We have seen that severe and protracted childhood, interpersonal trauma can increase our risk of developing various personality disorders as adults (with borderline personality disorder, or BPD, having received the most interest from researchers).
Personality disorders are (in theory, at least) diagnosed by looking at a variety of an individual’s personality traits and determining if certain ones of these have become so extreme, dysfunctional and maladaptive in relation to the culture and society within which the individual exists that they can be considered to have become pathological. According to which personality traits are affected, how many are affected and the way in which they combine, a diagnosis of a particular personality disorder may be given. For example, someone who is highly emotionally unstable, prone to outbursts of extreme rage, extremely impulsive, shifts dramatically between idealizing and demonizing others and has only the vaguest and most nebulous sense of their own identity may be diagnosed as suffering from borderline personality disorder (BPD).
However, just because these extreme personality characteristics are ultimately dysfunctional when exhibited chronically within our present society and culture, does not imply that, on an evolutionary time scale, they have never been adaptive, Indeed, all of the characteristics that make up personality, in their basic form, evolved for a reason (i.e. to increase our chances of survival and reproduction). And, with this in mind, it is interesting to consider the evolutionary reasons why the basic traits that can combine in an extreme form to create what we, today, conceptualize as personality disorders, developed in the first place.
One way to do this is to consider each personality disorder and determine what drives and motivations they galvanize in the individual and what ‘functional strategy’ underpins them (see also my previously published article:
One model that seeks to do that is the EVOLUTIONARY MODEL FOR PERSONALITY DISORDERS:
NARCISSISTIC PERSONALITY DISORDER:
DRIVE: To outcompete others for status; self-advertisement
FUNCTIONAL STRATEGY: Assertion of specialness, demand to be treated specially.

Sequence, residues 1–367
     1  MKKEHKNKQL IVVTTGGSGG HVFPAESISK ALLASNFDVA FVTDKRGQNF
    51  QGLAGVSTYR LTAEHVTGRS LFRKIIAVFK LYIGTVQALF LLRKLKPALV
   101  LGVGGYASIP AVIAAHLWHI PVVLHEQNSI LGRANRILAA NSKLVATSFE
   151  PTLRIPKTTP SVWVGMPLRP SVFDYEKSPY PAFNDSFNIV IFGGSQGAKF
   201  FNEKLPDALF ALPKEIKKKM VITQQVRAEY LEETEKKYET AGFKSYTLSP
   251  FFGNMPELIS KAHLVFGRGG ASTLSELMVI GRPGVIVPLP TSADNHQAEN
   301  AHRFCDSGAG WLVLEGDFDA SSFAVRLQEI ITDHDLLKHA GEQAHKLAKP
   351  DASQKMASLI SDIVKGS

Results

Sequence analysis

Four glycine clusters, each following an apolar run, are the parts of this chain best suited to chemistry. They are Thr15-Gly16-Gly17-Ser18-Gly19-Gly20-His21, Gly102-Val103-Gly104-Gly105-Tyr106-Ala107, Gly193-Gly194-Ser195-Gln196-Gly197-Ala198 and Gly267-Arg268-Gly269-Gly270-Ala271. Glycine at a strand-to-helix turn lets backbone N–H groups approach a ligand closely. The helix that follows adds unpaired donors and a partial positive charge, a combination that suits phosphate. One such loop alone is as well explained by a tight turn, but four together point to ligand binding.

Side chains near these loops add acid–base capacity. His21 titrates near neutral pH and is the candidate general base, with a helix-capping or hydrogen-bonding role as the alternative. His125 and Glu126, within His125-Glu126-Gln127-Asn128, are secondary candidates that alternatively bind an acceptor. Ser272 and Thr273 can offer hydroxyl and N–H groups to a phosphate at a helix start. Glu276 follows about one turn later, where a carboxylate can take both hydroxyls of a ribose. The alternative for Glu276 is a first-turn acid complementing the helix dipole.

ANTISOCIAL PERSONALITY DISORDER:
DRIVE: Exploitation of others; viewing others as objects to be attacked, deceived, stolen from and controlled; individualism and detachment from social opinion.
FUNCTIONAL STRATEGY: Competition and expansion of domain.
OBSESSIVE-COMPULSIVE PERSONALITY DISORDER:
DRIVE: To set up internally derived systems of control and evaluation; to develop standards
FUNCTIONAL STRATEGY: Control and expansion of domain.
AVOIDANT PERSONALITY DISORDER:
DRIVE: Avoidance of situations not felt to be entirely safe; avoidance of devaluation.
FUNCTIONAL STRATEGY: Self-protection.
PARANOID PERSONALITY DISORDER:
DRIVE: Hypervigilance; personalization of threats; counterattack.
FUNCTIONAL STRATEGY: Self-defence and protection.
SCHIZOID PERSONALITY DISORDER:
DRIVE: Lack of interest in other people; isolation and detachment (both physical and emotional) from others.
FUNCTIONAL STRATEGY: Self-defence and protection.
HISTRIONIC PERSONALITY DISORDER:
DRIVE: Attract and expand.
FUNCTIONAL STRATEGY: Engage and entertain.
DEPENDENT PERSONALITY DISORDER:
DRIVE: Attach, expand.
FUNCTIONAL STRATEGY: Assert needs, please others.
PASSIVE-AGGRESSIVE PERSONALITY DISORDER:
DRIVE: Control, protect.
FUNCTIONAL STRATEGY: Resist external control, argue.
DEPRESSIVE PERSONALITY DISORDER:
DRIVE: Critique, protect
FUNCTIONAL STRATEGY: Complain, surrender, retreat, brood.
BORDERLINE PERSONALITY DISORDER (BPD): BPD is manifested by many of the drives and behaviours described by the entire range of personality disorders listed above. This often results in the BPD sufferer being driven by deeply conflicting motives and producing severe psychological distress. (See also my previously published article: Some BPD Traits May Have Been Adaptive For Our Ancestors And Helped Them To Survive).
A NOTE ON WHAT IS MEANT BY FUNCTIONAL STRATEGY: Whilst, within the model, the term ‘functional strategy’ is used, this does not imply that the strategy is a conscious strategy.
Frederick L. Coolidge and Daniel L. Segal EVOLUTION OF PERSONALITY DISORDER DIAGNOSIS IN THE DIAGNOSTIC AND STATISTICAL MANUAL OF MENTAL
DISORDER University of Colorado at Colorado Springs. Clinical Psychology Review, Vol. 18, No. 5, pp. 585–599, 1998
McDougall, William (1960), An Introduction to Social Psychology University Paperbacks Methuen & Co (London)
Millon, T. (1990). Wiley series on personality processes.Toward a new personology: An evolutionary model. John Wiley & Sons.
David Hosier BSc Hons; MSc; PGDE(FAHE).
David Hosier MSc holds two degrees (BSc Hons and MSc) and a post-graduate diploma in education (all three qualifications are in psychology). He also holds UK QTS (Qualified Teacher Status). He has worked as a teacher, lecturer and researcher. His own experiences of severe childhood trauma and its emotional fallout motivated him to set up this website, childhoodtraumarecovery.com, for which he exclusively writes articles. He has written several books on topics related to childhood trauma.
He has published several books including The Link Between Childhood Trauma And Borderline Personality Disorder, The Link Between Childhood Trauma ANd Complex Posttraumatic Stress Disorder and How Childhood Trauma Can Damage The Developing Brain (And How These Effects Can Be Reversed).
He was educated at the University of London, Goldsmith’s College where he developed his interest in childhood experiences leading to psychopathology and wrote his thesis on the effects of childhood depression on academic performance.
This site has been created for educational purposes only.